North Korea detonates nuke, joins planet's most dangerous club

Feature story - October 9, 2006
North Korea became the ninth nuclear power at 10:35 local time (0135 GMT) on Monday when it detonated an undergound nuclear test. Their success is the world's failure.

Kim Jong-il featured as a card in Greenpeace's "Most Wanted" nuclear solitaire deck, distributed at the Nuclear Non-Proliferation Treaty Review Conference in the year 2000.

By going nuclear, North Korea has highlighted the weakness of the non-proliferation treaty. Pyongyang has underscored the dangerous connection between nuclear research, nuclear power and nuclear weapons.

We're calling for a restrained reaction from other countries, such as South Korea, Japan and the United States, and a re-convening of the six-party talks.

Nobody wants yet another country to have a nuclear arsenal, but with over 5,000 nuclear weapons in the arsenal of the United States of America, the relative balance of power has to be kept in mind. It's bad enough that North Korea has tested a nuclear weapon, but it will be worse if other countries don't talk to them.

How to become a nuclear weapons state: step one, get nuclear power

The history of North Korea's pursuit of the bomb is a cautionary tale about the dual use of nuclear power and the failures of the Non-Proliferation Treaty. 

The country was given reactor technology and expertise by several countries, had made the mandatory promises to use that power for energy, not weapons, and until a few years ago allowed inspectors to verify it was so.

The next time someone tells you that nuclear power is "clean and safe" ask them how North Korea was able to convert their reactors into bomb factories.

From Atoms for Peace to atomic weapons

North Korea was suspected of pursuing an active weapons program up to 1994, when it signed an agreement with the US to freeze all activities.

Then in December 2002 it restarted its nuclear reactor at Yongbyon. Monitors from the International Atomic Energy Agency (IAEA) were expelled, and in January 2003, North Korea declared its withdrawal from the international Non-Proliferation Treaty. 

In mid-2003 Pyongyang announced it had completed the reprocessing of spent nuclear fuel rods to extract weapons-grade plutonium and was developing a "nuclear deterrent." 

By early 2005 North Korea announced it had produced nuclear weapons, but it has not, to date, conducted a test detonation. 

Seven other nations have demonstrated their nuclear capabilities: The US, The Russian Federation, the UK, France, China, India, and Pakistan.  Israel is known to have nuclear weapons but has never admitted as much, and never claimed responsibility for an explosive nuclear test.  And due to the widespread use of nuclear energy  about 40 other countries have access to nuclear weapons material and therefore possess the ability to develop nuclear weapons.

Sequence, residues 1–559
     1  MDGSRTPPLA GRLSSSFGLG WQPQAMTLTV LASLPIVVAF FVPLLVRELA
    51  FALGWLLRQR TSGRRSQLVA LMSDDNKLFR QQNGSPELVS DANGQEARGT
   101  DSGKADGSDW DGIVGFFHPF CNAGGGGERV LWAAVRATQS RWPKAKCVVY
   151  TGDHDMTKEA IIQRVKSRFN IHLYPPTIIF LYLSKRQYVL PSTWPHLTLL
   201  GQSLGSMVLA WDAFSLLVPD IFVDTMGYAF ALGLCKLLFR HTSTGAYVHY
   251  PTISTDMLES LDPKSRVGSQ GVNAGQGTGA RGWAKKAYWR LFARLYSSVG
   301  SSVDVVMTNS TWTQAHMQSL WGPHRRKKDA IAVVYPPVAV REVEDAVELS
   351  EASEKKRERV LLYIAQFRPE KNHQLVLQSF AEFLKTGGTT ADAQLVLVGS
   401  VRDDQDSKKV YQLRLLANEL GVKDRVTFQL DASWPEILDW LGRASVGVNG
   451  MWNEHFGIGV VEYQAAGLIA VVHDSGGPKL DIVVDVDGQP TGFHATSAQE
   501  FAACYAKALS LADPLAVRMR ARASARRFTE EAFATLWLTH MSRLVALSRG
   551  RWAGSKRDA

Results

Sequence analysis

One arms control expert, Dr. Jeffery Lewis published details online in August of this year of the test site near Kiliju/Kilchu.  His analysis of Google Earth Satellite imagery of the site is available here (you'll need to have Google Earth installed for that link to work).

A new Asian arms race?

North Korea's new nuclear capability threatens to destabilize the entire region.  

South Korea has expressed an interest in obtaining stockpiles of plutonium similar to those in Japan, where one of the world's largest repositories of nuclear weapons material sits side-by-side with some of the world's most advanced missile technology.

The nuclear club ought to be getting smaller, and it would be if the nuclear weapons states were to live up to their commitments to rid the world of nuclear weapons.  That was the deal of the Non-Proliferation Treaty, but while the US and other nuclear powers are quick to demand full compliance by the non-nuclear weapons states, they've done little to fulfil their part of the bargain: a Comprehensive  Nuclear Test Ban Treaty and concrete steps toward nuclear disarmament. 

A test ban treaty has been negotiated but remains unratified by the US, China and Israel, among others.  The number of nuclear weapons in the world today remains on par with the number of weapons which existed when the Non-Proliferation Treaty was negotiated in the 1960s.

Sign up

Sign up for our e-zine for online and offline actions you can take to help stop nuclear power and nuclear weapons.

Support us

Donate to Greenpeace to help us work for a green and peaceful planet.